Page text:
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Research data


Research data

When you collect data, you need to store it somewhere. Take a look at the links below for tips on storing and organising the data you collect.

Data protection

As well as being mindful of what we post about others, we also need to be careful about any personal information we are gathering and storing about people. If you are developing a site or issuing an online survey you need to be mindful of data protection laws.

For example, did you know that according to data protection laws in the UK, all personal data that you collect must be:

  • Processed fairly and lawfully
  • Processed for a specific purpose
  • Adequate, relevant and not excessive
  • Accurate and kept up-to-date
  • Not kept for longer than necessary
  • Processed in accordance with the individual’s rights
  • Protected by appropriate security measures
  • Not transferred outside the EEA without adequate protection

Should you be collecting and storing other people’s personal data it is imperative that you are doing this for a specific reason and that the data is secure.

Data ethics

How might data ethics and data management relate to your research?

We take a look at some of the issues in data ethics and management and how they're relevant to your research project, from thinking about what data you collect or use to considering what the tools you use actually do and how you can look for bias in your dataset.

Full Data Ethics slides on Google Slides

Qualitative data analysis

Qualitative data analysis is the analysis of things other than numbers — usually text information. It's mostly a case of just reading stuff, but it can also be advantageous to find ways of quantifying content.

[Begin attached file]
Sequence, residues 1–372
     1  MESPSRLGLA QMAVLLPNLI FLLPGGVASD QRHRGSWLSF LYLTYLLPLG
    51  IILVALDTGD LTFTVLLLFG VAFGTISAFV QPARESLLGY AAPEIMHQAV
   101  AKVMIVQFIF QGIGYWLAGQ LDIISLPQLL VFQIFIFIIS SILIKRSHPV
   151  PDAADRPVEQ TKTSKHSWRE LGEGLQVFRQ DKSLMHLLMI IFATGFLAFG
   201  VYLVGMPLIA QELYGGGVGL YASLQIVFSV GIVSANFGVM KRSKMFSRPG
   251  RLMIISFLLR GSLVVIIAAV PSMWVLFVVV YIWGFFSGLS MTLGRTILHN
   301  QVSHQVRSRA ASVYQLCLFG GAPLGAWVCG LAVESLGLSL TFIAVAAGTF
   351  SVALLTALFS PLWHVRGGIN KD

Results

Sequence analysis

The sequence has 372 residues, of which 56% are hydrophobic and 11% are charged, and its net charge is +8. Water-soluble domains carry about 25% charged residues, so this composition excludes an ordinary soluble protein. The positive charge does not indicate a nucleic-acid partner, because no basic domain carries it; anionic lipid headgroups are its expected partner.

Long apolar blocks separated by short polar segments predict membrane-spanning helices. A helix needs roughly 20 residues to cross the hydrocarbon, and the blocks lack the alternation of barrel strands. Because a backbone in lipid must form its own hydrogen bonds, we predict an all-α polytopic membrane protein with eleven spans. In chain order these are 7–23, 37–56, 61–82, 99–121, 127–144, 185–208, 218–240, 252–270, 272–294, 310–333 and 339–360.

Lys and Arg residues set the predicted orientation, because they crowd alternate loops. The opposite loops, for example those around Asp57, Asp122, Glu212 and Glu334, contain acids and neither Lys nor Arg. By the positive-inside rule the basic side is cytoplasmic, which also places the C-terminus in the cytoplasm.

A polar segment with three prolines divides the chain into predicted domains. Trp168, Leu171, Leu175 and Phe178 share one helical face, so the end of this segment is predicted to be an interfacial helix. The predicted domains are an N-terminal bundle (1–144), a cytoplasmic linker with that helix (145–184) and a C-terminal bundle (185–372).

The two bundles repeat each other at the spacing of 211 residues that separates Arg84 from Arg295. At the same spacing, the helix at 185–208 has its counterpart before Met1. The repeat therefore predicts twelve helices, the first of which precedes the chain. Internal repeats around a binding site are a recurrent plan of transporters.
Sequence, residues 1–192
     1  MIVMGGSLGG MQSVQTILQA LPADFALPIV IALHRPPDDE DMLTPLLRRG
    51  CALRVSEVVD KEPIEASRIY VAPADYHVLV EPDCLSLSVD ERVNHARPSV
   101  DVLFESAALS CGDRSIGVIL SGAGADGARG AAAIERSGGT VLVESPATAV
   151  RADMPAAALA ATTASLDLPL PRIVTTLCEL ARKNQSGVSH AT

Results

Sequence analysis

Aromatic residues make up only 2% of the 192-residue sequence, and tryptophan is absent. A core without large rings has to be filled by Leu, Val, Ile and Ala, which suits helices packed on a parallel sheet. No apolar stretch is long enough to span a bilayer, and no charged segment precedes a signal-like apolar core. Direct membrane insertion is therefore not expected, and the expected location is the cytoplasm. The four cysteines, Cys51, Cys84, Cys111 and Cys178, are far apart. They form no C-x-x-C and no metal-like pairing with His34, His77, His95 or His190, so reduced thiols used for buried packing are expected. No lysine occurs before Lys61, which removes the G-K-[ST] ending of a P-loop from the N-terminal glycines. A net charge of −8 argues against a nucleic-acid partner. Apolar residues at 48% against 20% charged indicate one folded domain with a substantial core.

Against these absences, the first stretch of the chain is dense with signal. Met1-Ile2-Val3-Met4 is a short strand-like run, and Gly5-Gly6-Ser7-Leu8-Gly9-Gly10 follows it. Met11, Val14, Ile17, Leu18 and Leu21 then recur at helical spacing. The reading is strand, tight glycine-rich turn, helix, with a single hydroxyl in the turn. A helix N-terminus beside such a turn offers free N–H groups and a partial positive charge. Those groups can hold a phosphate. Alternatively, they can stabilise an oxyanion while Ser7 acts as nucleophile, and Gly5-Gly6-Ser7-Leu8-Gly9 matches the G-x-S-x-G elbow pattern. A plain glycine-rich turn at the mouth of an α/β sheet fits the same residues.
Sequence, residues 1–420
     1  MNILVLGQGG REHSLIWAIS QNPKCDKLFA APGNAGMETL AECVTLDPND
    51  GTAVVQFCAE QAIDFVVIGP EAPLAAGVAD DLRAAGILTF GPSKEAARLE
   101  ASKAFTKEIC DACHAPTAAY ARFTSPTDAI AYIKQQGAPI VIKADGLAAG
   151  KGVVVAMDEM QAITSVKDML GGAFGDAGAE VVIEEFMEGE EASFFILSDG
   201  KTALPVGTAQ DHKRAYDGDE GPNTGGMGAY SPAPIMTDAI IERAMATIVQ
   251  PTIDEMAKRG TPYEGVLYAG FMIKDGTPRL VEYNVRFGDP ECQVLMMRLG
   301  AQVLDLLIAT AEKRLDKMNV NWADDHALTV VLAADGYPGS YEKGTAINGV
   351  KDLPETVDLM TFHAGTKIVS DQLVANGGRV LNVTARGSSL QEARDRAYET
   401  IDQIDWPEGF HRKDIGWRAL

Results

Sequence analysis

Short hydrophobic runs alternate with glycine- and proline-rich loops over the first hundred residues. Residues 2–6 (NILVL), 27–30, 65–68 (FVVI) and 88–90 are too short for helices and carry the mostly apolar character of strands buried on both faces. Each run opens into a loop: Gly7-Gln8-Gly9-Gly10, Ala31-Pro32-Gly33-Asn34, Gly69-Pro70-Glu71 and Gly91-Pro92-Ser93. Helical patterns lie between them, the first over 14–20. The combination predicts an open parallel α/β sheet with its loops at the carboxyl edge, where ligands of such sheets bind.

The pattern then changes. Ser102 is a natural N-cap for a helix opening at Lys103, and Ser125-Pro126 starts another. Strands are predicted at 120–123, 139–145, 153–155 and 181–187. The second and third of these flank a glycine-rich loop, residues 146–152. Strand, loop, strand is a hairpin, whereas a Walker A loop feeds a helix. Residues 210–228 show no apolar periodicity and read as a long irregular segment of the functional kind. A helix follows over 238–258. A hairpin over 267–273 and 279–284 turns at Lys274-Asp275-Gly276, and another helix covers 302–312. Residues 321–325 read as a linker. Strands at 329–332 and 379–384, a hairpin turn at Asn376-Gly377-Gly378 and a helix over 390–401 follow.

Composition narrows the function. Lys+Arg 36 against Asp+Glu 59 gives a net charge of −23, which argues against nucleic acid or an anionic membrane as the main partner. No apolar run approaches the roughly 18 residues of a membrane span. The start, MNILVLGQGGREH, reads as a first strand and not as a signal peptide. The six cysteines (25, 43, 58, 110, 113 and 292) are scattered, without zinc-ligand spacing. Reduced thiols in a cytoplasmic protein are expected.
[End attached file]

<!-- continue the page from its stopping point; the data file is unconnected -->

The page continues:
NVivo is a qualitative data, text management and organisational tool which enables an analysis of very rich text-based and/or multimedia information, where deep levels of analysis on small or large volumes of data are required. It is often used for qualitative research and literature review.

Analysing spoken content

NVivo can be used to analyse more than just text-based files: images, audio and video can also be marked up. If you have an audio file of an interview, for example, you can annotate it directly in NVivo, without the need for transcription:

A waveform with coding stripes

If you do feel the need for a transcription, you're going to have to create it yourself (unless you can persuade somebody else to do it for you!). To save time, you could transcribe directly into NVivo and code as you go; or you could choose to code it up in some other way.

Auto-transcription is possible (though seldom very reliable). NVivo offers a paid transcription service, but there are free alternatives such as the ones we discuss on our Subtitling Skills Guide (if you're conducting an interview over Zoom, you can also enable its built-in auto-transcription). Be aware, though, that even with an automatic transcript, you're going to need to do a lot of work if what you're actually wanting is a perfectly punctuated verbatim text. It may well be nearly as quick to transcribe it manually.

If you create a transcript that you're wanting to analyse in NVivo, be sure to make use of Styles in your document. This will allow you to do some basic auto-coding (i.e. to identify the interviewer and interviewee). You can also sync a transcript to a video though this might require some preparation if you're working from a conventional subtitle file.

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